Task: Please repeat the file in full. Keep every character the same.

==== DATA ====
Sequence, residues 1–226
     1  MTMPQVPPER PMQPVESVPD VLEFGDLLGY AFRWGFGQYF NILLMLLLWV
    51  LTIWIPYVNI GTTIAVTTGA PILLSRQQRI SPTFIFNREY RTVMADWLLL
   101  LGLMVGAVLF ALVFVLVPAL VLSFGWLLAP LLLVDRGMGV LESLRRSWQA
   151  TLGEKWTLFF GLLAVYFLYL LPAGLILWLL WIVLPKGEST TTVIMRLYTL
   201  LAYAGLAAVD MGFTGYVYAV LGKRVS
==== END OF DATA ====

Sequence, residues 1–226
     1  MTMPQVPPER PMQPVESVPD VLEFGDLLGY AFRWGFGQYF NILLMLLLWV
    51  LTIWIPYVNI GTTIAVTTGA PILLSRQQRI SPTFIFNREY RTVMADWLLL
   101  LGLMVGAVLF ALVFVLVPAL VLSFGWLLAP LLLVDRGMGV LESLRRSWQA
   151  TLGEKWTLFF GLLAVYFLYL LPAGLILWLL WIVLPKGEST TTVIMRLYTL
   201  LAYAGLAAVD MGFTGYVYAV LGKRVS